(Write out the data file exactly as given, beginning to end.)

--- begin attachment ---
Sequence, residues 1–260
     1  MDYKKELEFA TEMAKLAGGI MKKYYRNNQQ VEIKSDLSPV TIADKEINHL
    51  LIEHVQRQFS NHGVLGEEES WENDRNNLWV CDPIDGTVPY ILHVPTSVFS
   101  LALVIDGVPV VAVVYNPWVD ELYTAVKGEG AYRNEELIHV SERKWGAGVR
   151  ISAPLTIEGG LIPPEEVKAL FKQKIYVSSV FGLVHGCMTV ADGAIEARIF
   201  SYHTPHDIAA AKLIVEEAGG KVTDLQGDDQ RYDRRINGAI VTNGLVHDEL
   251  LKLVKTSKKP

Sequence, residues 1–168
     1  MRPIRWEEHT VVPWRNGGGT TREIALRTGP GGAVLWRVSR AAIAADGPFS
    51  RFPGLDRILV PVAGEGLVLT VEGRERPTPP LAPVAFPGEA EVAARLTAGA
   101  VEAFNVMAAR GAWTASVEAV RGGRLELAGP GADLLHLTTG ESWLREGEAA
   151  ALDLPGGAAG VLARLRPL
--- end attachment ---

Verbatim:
Sequence, residues 1–260
     1  MDYKKELEFA TEMAKLAGGI MKKYYRNNQQ VEIKSDLSPV TIADKEINHL
    51  LIEHVQRQFS NHGVLGEEES WENDRNNLWV CDPIDGTVPY ILHVPTSVFS
   101  LALVIDGVPV VAVVYNPWVD ELYTAVKGEG AYRNEELIHV SERKWGAGVR
   151  ISAPLTIEGG LIPPEEVKAL FKQKIYVSSV FGLVHGCMTV ADGAIEARIF
   201  SYHTPHDIAA AKLIVEEAGG KVTDLQGDDQ RYDRRINGAI VTNGLVHDEL
   251  LKLVKTSKKP

Sequence, residues 1–168
     1  MRPIRWEEHT VVPWRNGGGT TREIALRTGP GGAVLWRVSR AAIAADGPFS
    51  RFPGLDRILV PVAGEGLVLT VEGRERPTPP LAPVAFPGEA EVAARLTAGA
   101  VEAFNVMAAR GAWTASVEAV RGGRLELAGP GADLLHLTTG ESWLREGEAA
   151  ALDLPGGAAG VLARLRPL